Global Witness welcomes a groundbreaking report released today by the United Nations-authorized Independent Fact Finding-Mission on Myanmar (FFM). The report exposes in detail the economic networks providing financial support to the Myanmar military, and calls for targeted economic sanctions on all military-owned companies.
The UN investigators focus in particular on the two major military-owned conglomerates, Myanmar Economic Holding Corporation (MEHL) and Myanmar Economic Corporation (MEC) and their subsidiaries.
The report details how the 120 businesses owned by MEC and MEHL, together with the 27 affiliated with them, provide the military (known as the Tatmadaw) with huge off-budget sources of revenue.
“These funds sustain the military’s grip on power, allowing it to operate outside of civilian oversight, while supporting its abusive conduct against the Rohingya and other ethnic minority groups,” said Paul Donowitz, Myanmar Campaign Leader at Global Witness. “The military’s economic control is directly hindering Myanmar’s transition towards peace and democratic governance.”
The report exposes 59 foreign companies from around the world that it alleges have close business ties to military companies, with the majority from China, South Korea, Japan and Singapore. Of these foreign companies, 15 are said to be in joint ventures and 44 are said to have other forms of commercial ties. The report also identifies 14 foreign companies that it says have provided arms and related equipment to the Tatmadaw since 2016, hailing from seven states including China, Russia, and Israel.
The report finds that “through such joint venture and commercial relationships …foreign business activity involving the Tatmadaw and its conglomerates MEHL and MEC poses a high risk of contributing to, or being linked to, violations of international human rights law and international humanitarian law. At a minimum, these foreign companies are contributing to supporting the Tatmadaw’s financial capacity.”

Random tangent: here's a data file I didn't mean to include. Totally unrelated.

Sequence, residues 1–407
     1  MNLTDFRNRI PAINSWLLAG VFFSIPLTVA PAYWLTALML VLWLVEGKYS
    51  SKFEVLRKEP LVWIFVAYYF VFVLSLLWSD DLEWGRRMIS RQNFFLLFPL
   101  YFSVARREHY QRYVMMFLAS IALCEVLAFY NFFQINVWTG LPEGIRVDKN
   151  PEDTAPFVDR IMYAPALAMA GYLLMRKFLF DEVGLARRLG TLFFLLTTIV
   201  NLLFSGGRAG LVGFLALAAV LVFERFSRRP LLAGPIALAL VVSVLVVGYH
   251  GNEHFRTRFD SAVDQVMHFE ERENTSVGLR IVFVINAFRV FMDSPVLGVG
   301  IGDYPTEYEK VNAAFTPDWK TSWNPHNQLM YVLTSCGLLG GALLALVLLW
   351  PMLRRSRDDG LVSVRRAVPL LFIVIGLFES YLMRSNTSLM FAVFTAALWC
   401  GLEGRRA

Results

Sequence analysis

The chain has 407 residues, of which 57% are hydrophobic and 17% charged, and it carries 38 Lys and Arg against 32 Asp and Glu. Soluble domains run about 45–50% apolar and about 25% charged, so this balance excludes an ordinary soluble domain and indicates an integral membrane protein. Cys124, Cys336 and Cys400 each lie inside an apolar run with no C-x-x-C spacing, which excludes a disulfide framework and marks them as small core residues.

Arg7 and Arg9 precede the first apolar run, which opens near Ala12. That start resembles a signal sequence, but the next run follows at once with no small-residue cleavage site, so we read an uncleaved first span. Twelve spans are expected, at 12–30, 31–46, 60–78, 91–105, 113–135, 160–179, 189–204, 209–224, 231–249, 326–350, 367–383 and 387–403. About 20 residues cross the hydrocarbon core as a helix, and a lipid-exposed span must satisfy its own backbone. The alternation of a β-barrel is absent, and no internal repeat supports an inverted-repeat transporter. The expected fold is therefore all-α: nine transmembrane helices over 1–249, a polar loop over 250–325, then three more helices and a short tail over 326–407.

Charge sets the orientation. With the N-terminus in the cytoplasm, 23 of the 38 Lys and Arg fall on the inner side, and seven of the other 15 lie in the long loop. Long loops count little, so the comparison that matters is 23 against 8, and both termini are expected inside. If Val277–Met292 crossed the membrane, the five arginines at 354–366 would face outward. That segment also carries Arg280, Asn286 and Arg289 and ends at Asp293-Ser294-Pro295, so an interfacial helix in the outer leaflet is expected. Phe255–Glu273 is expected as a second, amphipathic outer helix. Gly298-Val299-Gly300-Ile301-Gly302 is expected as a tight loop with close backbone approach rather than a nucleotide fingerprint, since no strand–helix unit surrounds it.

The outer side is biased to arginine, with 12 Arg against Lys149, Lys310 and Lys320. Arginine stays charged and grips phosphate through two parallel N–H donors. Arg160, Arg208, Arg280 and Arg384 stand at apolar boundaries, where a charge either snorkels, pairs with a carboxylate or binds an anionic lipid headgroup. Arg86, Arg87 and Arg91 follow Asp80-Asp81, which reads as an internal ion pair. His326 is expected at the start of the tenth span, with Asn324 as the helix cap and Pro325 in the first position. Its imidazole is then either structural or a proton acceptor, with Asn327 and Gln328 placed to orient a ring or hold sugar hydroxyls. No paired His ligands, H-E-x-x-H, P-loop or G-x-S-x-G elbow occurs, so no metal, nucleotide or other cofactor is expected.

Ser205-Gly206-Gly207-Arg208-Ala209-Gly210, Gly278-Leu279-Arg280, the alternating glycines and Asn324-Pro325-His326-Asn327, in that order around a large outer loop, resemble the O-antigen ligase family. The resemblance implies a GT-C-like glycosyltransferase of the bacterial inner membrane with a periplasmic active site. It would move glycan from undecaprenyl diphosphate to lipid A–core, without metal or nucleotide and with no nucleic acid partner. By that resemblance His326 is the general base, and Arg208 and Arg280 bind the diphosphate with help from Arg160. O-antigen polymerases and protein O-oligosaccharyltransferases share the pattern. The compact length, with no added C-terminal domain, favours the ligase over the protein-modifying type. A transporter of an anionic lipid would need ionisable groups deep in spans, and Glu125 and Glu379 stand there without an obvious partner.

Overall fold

“The message of the UN report is crystal clear – doing business with military-owned or affiliated companies in Myanmar should stop,” stated Donowitz.
The report also details the prominent role of the Tatmadaw in the jade and ruby sectors in Kachin and Shan States. It describes how the military’s commercial interests are fueling the conflicts in these regions and are linked to human rights and international humanitarian law violations that the Tatmadaw are committing in these and other mining areas. These findings add to Global Witness’s 2015 report, Jade: Myanmar’s “Big State Secret”, which exposed the military’s domination of the jade and gemstone sector, and provide new examples of how the military’s desire to control natural resources is driving the ongoing conflict.
The UN report’s conclusions provide the international community with a crucial opportunity to change the way in which they respond to the Rohingya crisis and other abuses within Myanmar by acting to isolate the military economically. To do this, the FFM calls on foreign governments, the United Nations and companies to impose economic sanctions against military companies and the severing of business relationships by private businesses, along with the enactment of a comprehensive arms embargo. The report also serves as a warning for companies considering doing business with the military, either directly or indirectly, in the extractive sector in Kachin and Shan States that should they work with or source from the military, they could be exposing themselves to criminal and civil liability.
As well as providing international actors with the rationale for cutting off all economic ties with the Myanmar military, the UN report also provides them with the tools to do so, by mapping out the networks of all military-owned and affiliated companies in detail.
“Global governments and companies who find themselves connected to a military company can therefore no longer plead ignorance as the FFM has shone a spotlight on the Tatmadaw’s economic interests,” said Donowitz.
“This detailed mapping of the military’s economic networks also allows sanctions to be targeted, thus limiting impacts on the broader economy that would harm ordinary citizens’ livelihoods.”
The UN investigators recommend that governments promote ties with non-Tatmadaw companies, and that businesses actively seek out partners in the private sector. Targeted sanctions thus have the dual benefit of reducing the military’s economic power whilst, in the long run, helping to expand the legitimate private sector and promoting economic development.
Today’s UN report should serve as a rallying cry for governments, the United Nations, the private sector, and Myanmar’s National League for Democracy government to advance efforts that cut off the economic foundations of the Tatmadaw’s power.